Education cuts decried; districts demand priority
By GARY SCHARRER
Jan. 31, 2011
AUSTIN — Some Texas school districts will have a tough time operating under the state's first budget proposal, a leading school superintendent said Monday, expressing fears that massive layoffs of support staff will make it harder to meet accountability standards.
More than half of the state's 1,030 school districts already have approved resolutions urging lawmakers to "make education a priority."
School administrators meeting here this week are warning lawmakers that they will greatly harm public education if they embrace the early budget plan cutting public education by about $10 billion from current service levels, including the cost of educating an additional 170,000 students during the next two years.
Legislative leaders say the gloom-and-doom scenario is premature as they look to free school districts of state mandates to give them more flexibility.
Millions will be lost
San Antonio's Northside Independent School District would lose about $97 million a year under the state's preliminary budget plan.
"I don't know how we could operate. When you take almost $200 million out of an (two-year) operating budget of $680 million, that's a 28.5 percent cut," said John Folks, Northside superintendent and immediate past president of the Texas Association of School Administrators.
About 85 percent of a school district budget goes for salaries.
"There is no question that we will be laying off people. Education is labor intensive, and we use people to serve kids," Folks said, predicting that academic support staff, including instruction coaches and language support teachers, will lose their jobs.
"It's that extra help that have allowed school districts all across Texas to raise student achievement and narrowing the gap. That's going away," he said. "That's one of my biggest fears. It's going to hurt student achievement as we eliminate jobs, as we raise class size."
Folks said his school district could not survive the proposed budget cuts.
"At $50,000 a pop, that's 2,000 teachers," he said of the nearly $100 million a year in cuts. "We have 7,500 teachers at Northside. We can't operate."
The concern of school administrators is legitimate, said House Public Education Chairman Rob Eissler, R-The Woodlands.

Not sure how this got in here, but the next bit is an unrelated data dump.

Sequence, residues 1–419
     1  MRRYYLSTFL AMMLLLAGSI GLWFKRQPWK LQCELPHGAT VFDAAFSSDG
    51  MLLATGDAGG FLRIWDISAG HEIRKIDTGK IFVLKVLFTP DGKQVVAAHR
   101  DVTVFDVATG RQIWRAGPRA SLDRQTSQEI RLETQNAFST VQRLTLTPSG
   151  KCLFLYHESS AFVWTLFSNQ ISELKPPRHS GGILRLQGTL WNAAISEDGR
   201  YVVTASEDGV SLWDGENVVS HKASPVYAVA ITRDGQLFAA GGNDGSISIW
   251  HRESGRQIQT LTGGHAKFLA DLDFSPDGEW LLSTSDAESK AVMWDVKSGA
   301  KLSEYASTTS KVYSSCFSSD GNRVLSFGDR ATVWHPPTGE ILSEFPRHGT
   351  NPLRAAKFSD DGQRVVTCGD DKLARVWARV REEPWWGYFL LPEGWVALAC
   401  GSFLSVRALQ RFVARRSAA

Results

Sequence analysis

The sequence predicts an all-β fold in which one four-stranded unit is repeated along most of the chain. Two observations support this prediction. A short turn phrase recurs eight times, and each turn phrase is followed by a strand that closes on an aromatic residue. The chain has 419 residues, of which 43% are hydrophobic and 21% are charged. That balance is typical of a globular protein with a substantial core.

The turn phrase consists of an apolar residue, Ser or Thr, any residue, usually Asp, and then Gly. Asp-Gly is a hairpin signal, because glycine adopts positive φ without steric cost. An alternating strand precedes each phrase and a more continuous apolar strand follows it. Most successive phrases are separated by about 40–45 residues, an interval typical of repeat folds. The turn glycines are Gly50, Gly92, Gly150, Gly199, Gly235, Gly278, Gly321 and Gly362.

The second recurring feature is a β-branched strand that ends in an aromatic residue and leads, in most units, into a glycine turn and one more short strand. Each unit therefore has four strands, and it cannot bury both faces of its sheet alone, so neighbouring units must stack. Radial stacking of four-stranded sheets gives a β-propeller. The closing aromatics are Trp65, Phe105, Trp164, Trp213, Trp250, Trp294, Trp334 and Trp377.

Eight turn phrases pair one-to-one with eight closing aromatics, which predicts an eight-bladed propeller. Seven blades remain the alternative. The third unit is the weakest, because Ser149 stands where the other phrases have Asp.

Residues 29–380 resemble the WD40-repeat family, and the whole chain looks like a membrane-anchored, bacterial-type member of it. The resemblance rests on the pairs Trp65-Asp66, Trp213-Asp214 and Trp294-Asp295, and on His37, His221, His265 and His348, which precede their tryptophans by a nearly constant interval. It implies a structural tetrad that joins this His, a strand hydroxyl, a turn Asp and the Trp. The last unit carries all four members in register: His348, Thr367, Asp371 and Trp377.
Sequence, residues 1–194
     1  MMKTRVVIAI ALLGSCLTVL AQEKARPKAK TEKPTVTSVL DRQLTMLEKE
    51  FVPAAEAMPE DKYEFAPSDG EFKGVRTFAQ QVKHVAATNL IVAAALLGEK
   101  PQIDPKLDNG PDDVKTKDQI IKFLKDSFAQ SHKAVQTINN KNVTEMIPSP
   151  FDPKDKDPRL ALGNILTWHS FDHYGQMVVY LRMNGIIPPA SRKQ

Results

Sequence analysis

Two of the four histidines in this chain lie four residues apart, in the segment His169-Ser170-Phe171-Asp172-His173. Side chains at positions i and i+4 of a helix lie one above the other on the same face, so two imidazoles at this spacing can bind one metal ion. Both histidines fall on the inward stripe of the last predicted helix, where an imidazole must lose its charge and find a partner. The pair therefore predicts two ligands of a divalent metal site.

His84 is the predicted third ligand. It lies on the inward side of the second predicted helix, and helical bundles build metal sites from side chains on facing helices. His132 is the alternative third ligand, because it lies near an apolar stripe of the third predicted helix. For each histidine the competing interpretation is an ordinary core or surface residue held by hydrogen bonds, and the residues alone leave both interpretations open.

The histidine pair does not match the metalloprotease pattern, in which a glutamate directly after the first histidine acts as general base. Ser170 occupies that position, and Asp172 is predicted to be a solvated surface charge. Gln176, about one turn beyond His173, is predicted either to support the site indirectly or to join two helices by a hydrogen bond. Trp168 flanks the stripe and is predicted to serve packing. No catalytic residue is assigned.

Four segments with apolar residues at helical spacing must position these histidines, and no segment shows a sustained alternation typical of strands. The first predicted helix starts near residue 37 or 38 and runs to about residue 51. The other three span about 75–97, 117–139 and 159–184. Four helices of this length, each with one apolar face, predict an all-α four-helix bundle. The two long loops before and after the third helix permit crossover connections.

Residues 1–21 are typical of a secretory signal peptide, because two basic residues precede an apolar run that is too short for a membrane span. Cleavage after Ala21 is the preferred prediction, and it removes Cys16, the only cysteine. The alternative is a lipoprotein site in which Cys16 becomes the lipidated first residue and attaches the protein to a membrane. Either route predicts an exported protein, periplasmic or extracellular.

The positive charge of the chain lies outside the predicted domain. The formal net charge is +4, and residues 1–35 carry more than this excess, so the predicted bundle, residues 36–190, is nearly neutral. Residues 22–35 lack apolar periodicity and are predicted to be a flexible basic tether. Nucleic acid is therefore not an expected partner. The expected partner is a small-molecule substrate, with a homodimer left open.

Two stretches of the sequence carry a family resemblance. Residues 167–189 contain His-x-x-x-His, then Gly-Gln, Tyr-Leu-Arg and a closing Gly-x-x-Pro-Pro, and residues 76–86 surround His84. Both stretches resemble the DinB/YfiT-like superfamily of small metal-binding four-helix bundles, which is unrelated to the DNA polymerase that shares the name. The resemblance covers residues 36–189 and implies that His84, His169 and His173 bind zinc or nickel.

"They are right to try to plan on a reduced budget. I see that as a reality," said Eissler, who sported a "Make Education a Priority" button on his coat lapel.
Most lawmakers made public schools a priority because they often are large employers, Eissler said.
"If it's a priority, they will make any cuts minimal," he said. "I want to keep the quality up in a down budget year. But there will be less money."
Proposals unite districts
The proposed budget cuts and their impact on Texas schools and communities have united school districts like never before, said Bobby Rigues, vice president of the Aledo Independent School District board of trustees.
Rigues and his colleagues launched the on-going "Make Education a Priority " campaign last summer from a tent pitched alongside a major Aledo street west of Fort Worth.
School districts are tired of fighting for fair and adequate funding, he said, noting the Texas Constitution requires the Legislature to provide a free and efficient education for all Texas children without a clause saying "unless funds are not available."
Educators do not want to lower academic standards because Texas children will have to compete on a global stage with China, India and other countries, said John Fuller, president of the Texas Association of School Administrators and superintendent of the Wylie ISD.
If lawmakers do not provide adequate funding, "we may need to slow this train down," Fuller said of new and more rigorous standards.
Giving some options
Senate Education Chair Florence Shapiro, R-Plano, and her committee today will begin looking at state mandates.
If the state does not have enough money, lawmakers should, at least, give school districts more flexibility, she said.
Shapiro called it "unacceptable" for the proposed budget not to provide money for new school textbooks.
The stars are out of alignment, she said.
"We will realign those stars in hopes that everybody will not be quite as unhappy."